Diana Halder is Payments Practice Leader at EY Canada, a role she has held since September 2019, becoming a full Partner in the firm three months ago. A vastly experienced payments industry executive, she previously spent six years at Accenture, as well as working in payments and global banking at Scotiabank.
When she catches up with us from her office in Toronto, Canada, it’s clear that this experience has set her in good stead. But she acknowledges that, even though she’s been in the industry for over 18 years, she’s always learning new ways to become a better leader.
“Putting people first definitely matters,” she tells us. “It’s important to understand their interests and ambitions to keep them motivated and engaged.” She characterises the tenets of strong leadership as ‘four Ps’ – people, patience, persistence, and being provocative when it comes to innovation.
“You tend to get a lot of noes as a female and as a minority in a male-dominated industry. There can be a lot of ‘no you shouldn’t do that’ or ‘no you need to wait’. Her message is all about being persistent and confident in your vision.”
Indeed, gender equality and breaking down barriers for women are common threads woven through many areas of financial services worldwide. According to a report published last year, women land just 21% of board seats and only 19% of C-suite roles within the sector globally. That figure falls to an astonishingly low 5% when it comes to the CEO position.
It’s an issue that matters both to EY Canada – which has developed a programme called ‘Women. Fast forward’ to address gender equity in the workplace – and to Canadians. The country currently has a gender-balanced cabinet, meaning there are equal numbers of male and female members, and the Canadian government has previously introduced disclosure requirements that bring the issue of gender parity in the workplace into the spotlight, whether companies want it there or not. In case you’re wondering, women represent 51% of the workforce at EY Canada including 45% of management roles.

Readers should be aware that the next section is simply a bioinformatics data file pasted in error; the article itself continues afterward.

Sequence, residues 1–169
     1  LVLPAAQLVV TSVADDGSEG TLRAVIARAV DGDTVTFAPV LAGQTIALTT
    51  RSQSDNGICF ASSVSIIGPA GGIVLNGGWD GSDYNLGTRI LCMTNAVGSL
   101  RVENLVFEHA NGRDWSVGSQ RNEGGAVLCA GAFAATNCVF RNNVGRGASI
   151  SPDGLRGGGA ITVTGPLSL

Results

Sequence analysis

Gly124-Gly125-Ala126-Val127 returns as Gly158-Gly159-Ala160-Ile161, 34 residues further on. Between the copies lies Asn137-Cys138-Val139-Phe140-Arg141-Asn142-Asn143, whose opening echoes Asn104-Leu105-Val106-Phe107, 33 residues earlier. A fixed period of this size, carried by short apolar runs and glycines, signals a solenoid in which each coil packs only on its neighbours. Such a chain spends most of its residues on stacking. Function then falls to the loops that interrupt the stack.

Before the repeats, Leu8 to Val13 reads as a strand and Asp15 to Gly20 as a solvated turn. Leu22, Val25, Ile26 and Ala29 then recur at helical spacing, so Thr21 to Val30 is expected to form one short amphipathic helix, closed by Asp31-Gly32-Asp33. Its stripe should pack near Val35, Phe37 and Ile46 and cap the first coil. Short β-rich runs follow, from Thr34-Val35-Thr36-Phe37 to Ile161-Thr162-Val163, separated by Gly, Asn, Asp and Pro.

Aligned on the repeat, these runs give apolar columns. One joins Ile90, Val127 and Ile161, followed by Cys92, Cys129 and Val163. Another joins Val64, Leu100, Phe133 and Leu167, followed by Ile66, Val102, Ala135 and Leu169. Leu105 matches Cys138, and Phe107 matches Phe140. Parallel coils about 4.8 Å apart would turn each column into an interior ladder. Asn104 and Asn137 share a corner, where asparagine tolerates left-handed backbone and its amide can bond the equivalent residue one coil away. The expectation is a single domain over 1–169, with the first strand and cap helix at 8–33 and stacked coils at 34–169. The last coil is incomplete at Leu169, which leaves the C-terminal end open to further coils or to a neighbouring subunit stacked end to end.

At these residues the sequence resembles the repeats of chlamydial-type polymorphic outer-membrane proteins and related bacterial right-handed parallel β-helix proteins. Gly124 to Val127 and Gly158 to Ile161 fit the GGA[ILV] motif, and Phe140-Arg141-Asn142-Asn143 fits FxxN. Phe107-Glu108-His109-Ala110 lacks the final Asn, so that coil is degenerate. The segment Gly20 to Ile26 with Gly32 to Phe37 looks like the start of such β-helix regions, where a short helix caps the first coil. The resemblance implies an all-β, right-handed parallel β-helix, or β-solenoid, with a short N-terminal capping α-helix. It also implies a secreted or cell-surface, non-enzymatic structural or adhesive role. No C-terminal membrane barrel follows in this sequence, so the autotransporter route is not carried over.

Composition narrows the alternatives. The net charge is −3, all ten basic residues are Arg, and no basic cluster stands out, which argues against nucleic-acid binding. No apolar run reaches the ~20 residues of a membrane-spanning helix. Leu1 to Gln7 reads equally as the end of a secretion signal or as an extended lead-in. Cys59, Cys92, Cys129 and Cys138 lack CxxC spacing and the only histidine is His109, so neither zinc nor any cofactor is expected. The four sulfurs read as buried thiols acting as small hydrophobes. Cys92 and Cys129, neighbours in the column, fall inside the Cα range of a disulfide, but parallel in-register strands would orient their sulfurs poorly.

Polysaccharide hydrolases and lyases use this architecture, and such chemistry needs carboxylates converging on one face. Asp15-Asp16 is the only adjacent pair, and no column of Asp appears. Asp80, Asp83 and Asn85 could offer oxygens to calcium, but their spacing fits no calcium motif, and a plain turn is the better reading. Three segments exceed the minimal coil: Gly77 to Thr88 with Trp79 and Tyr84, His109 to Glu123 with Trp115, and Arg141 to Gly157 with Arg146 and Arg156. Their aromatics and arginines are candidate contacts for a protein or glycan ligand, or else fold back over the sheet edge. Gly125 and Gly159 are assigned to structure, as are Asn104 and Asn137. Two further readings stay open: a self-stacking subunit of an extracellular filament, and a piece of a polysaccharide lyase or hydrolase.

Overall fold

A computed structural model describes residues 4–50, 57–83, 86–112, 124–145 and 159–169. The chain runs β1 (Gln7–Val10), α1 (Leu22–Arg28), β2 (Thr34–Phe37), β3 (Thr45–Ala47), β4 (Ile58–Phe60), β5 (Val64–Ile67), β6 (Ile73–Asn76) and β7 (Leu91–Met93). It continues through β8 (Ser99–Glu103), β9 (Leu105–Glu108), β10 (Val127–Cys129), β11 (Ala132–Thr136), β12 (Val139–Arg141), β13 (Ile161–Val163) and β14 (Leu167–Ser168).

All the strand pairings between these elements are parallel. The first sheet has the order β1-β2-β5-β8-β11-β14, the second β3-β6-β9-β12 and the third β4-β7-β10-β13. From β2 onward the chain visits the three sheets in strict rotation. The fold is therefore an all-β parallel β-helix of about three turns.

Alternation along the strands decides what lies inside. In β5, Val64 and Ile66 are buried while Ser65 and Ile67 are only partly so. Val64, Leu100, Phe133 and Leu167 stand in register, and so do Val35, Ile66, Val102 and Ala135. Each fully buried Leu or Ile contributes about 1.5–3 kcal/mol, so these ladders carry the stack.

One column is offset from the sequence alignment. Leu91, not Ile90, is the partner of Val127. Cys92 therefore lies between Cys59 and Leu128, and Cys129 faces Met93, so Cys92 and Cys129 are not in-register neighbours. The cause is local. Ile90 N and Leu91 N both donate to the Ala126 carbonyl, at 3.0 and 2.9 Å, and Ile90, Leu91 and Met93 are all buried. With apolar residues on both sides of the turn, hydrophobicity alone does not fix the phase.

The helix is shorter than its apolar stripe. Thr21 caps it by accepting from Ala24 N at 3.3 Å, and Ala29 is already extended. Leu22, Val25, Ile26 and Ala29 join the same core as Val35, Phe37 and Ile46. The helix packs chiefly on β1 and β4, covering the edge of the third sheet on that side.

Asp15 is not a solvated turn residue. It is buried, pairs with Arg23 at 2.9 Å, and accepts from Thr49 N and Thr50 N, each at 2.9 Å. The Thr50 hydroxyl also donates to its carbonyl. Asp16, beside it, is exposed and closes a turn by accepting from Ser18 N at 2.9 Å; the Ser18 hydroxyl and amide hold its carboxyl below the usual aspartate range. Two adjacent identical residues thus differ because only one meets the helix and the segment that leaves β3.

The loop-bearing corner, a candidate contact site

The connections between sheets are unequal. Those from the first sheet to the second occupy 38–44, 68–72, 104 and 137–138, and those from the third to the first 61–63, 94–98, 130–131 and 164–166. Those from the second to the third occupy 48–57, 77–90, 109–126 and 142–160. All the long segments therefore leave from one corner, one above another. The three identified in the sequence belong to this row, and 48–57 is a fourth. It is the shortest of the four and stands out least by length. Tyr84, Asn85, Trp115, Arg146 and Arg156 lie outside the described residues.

Diverse societies require cross-border solutions
Canada is a vibrant and modern economy that originated well-known firms such as Shopify, Lululemon and Thomson Reuters. But there is sentiment north of the border that Canada is often overlooked in favour of their American cousins, particularly when it comes to industries like fintech and financial services – which, traditionally, have been concentrated around Silicon Valley and Wall Street respectively.
With more than 400,000 people immigrating to Canada every year to turbocharge economic growth, we’ll likely see that influx of people begin to add extra pressure on Canadian financial institutions and payment service providers to meet the demand for cheaper, faster payments – especially with cross-border payments. The country is already incredibly diverse, with one of the largest foreign-born populations in the world.